A fascinating amalgam of personalities and styles, this 1996 release from Franco-Italian accordion virtuoso Richard Galliano achieves a wholly original musical synthesis. Bracketed by an opening track from tango ace Astor Piazzolla and a concluding piece from Jaco Pastorius, the session finds the common ground in such seemingly disparate choices. With nine Galliano originals in between, the result is a cohesive, uncompromising set of performances and an essential work in the leader's discography.
Galliano is an outstanding accordion and bandoneon performer who plays with great passion and spirit. He is even more heightened in this setting with the I Solisti Dell'orchestra Della Toscana, a large string ensemble, pianist Stefano Bollani, harpist Cinzia Conte, and a pair of percussionists. Galliano or his hero Astor Piazzolla wrote this richly romantic music, based in classical, chamber, and tango traditions. The middle of the CD features four of Galliano's shorter pieces. "San Peyre" features typical lush, skyline vistas, Galliano's wistful musings, and "Flower Is a Lovesome Thing" flavorings.
Accordionist Richard Galliano did for European folk – specifically, the early 20th century French ballroom dance form known as musette – what his mentor Astor Piazzolla did for the Argentinian tango. Galliano reimagined and revitalized a musical tradition, expanding its emotional range to reflect modern sensibilities, opening it up to improvisation learned through American jazz. In fact, Galliano was more of a jazz musician than a folk one, although he blurred the lines so much that distinctions were often difficult to make.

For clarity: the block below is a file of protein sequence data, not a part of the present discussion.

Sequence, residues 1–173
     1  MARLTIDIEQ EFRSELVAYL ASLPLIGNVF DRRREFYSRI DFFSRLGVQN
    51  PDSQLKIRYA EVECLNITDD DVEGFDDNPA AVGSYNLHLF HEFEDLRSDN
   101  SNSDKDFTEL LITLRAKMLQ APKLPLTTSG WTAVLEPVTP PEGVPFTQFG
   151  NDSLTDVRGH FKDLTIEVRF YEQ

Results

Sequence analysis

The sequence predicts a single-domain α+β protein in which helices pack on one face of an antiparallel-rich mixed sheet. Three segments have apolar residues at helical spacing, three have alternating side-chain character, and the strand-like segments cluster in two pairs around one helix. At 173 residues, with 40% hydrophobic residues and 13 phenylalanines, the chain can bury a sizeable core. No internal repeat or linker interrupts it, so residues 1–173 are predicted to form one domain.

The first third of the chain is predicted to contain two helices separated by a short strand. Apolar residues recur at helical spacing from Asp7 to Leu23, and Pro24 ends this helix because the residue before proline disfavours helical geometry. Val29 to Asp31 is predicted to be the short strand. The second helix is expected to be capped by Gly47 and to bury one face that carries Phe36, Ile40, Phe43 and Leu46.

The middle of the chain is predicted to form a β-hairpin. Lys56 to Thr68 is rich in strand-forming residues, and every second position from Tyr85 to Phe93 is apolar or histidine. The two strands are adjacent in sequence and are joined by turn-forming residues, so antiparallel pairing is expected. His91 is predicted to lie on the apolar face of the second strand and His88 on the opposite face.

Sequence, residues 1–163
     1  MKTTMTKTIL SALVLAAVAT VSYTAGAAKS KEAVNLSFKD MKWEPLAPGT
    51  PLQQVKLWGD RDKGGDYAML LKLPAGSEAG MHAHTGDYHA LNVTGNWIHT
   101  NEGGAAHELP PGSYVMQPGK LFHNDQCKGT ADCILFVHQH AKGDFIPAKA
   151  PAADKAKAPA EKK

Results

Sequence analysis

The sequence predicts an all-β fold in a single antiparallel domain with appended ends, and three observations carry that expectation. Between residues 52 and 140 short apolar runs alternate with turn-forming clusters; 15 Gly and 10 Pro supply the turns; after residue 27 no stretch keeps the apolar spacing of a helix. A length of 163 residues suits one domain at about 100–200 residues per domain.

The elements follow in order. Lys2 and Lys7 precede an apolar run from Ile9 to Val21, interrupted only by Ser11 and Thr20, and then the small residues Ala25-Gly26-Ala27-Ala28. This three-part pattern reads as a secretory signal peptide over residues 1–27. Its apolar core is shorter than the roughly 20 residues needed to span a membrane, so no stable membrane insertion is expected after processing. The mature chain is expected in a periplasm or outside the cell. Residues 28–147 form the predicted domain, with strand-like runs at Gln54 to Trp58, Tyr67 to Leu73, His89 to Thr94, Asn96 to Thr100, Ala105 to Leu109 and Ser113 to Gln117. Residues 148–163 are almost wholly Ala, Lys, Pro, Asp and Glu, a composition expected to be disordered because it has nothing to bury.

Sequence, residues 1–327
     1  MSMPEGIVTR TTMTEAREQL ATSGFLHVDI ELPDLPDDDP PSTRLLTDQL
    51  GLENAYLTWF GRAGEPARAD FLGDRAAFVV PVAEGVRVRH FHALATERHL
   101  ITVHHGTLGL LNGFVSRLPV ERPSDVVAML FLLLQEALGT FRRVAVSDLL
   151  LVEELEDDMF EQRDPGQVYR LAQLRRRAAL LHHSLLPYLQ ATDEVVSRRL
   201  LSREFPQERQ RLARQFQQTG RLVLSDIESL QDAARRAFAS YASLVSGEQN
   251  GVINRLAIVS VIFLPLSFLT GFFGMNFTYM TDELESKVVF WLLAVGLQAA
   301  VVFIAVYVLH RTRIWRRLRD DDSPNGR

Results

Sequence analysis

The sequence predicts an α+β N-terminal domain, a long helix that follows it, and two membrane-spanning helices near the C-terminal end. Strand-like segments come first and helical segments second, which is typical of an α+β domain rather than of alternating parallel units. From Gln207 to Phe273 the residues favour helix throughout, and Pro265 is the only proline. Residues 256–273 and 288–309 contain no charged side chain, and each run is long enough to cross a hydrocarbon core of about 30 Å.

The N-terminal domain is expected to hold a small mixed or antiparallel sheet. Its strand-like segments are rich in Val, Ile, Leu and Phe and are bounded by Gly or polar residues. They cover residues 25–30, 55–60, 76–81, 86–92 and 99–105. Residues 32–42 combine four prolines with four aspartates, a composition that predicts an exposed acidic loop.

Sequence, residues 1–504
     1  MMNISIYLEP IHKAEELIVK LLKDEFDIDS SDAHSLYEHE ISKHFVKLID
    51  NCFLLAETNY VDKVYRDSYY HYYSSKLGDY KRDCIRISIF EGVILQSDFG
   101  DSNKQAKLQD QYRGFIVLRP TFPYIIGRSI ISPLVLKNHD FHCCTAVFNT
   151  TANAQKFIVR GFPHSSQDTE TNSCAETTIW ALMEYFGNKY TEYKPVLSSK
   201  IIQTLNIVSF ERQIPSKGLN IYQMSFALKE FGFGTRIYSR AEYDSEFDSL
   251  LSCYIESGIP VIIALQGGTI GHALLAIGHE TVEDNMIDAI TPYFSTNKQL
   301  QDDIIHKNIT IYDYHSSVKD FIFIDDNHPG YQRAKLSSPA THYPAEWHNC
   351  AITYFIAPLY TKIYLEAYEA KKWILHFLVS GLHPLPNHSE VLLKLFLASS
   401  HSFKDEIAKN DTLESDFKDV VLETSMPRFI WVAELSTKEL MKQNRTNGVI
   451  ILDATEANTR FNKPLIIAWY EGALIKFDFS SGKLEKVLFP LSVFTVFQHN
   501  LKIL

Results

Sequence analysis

Sardinian trumpeter Paolo Fresu, French accordionist Richard Galliano and Swedish pianist Jan Lundgren form the trio “Mare Nostrum”. This band forges connections between the discrete musical cultures of its three protagonists. This new album marks the return to the studio of a European supergroup. And they're on top form.
Richard Galliano, one of the greatest accordionists of the modern era, and unimpeachable jazz guitarist Sylvain Luc collaborated in the ’90s before going their separate musical ways. The two musicians now reunite their talents for this duo project dedicated to the grande dame of French chanson. The result is a virtuoso jewel, showcasing and reawakening the freshness of the Piaf repertoire in this, the 100th anniversary of her birth.
Hot on the heels of Richard Galliano’s Live in Marciac CD (which I reviewed here a few weeks ago) comes another Galliano album, this time with a quartet featuring vibist Gary Burton. The interplay between the two leaders is reminiscent of the duets which Gary Burton recorded with Chick Corea. Here Burton’s vibes are paired with a different keyboard instrument, but the result is a similar meeting of two brilliant musical minds…
An inventive, virtuoso performer with solid jazz chops, Galliano is at home with a variety of atmospheres, including the happy and the carefree. Tangaria, recorded with his Tangaria Quartet and guest mandolinist Hamilton de Holanda —and previously released, without the closing "Tango Pour Claude" and "New York Tango," as Luz Negra (Milan, 2007)—finds Galliano roving widely across the emotional spectrum. Despite the band's name, tango takes a back seat here—a third of the tracks plough the familiar furrow—and it's outnumbered by valse musettes, tunes derived from Italian and Brazilian popular song, and globally imagined originals whose provenance is harder to pin down. Some of the tunes are sorrowful, but just as often they are upbeat and gutsy…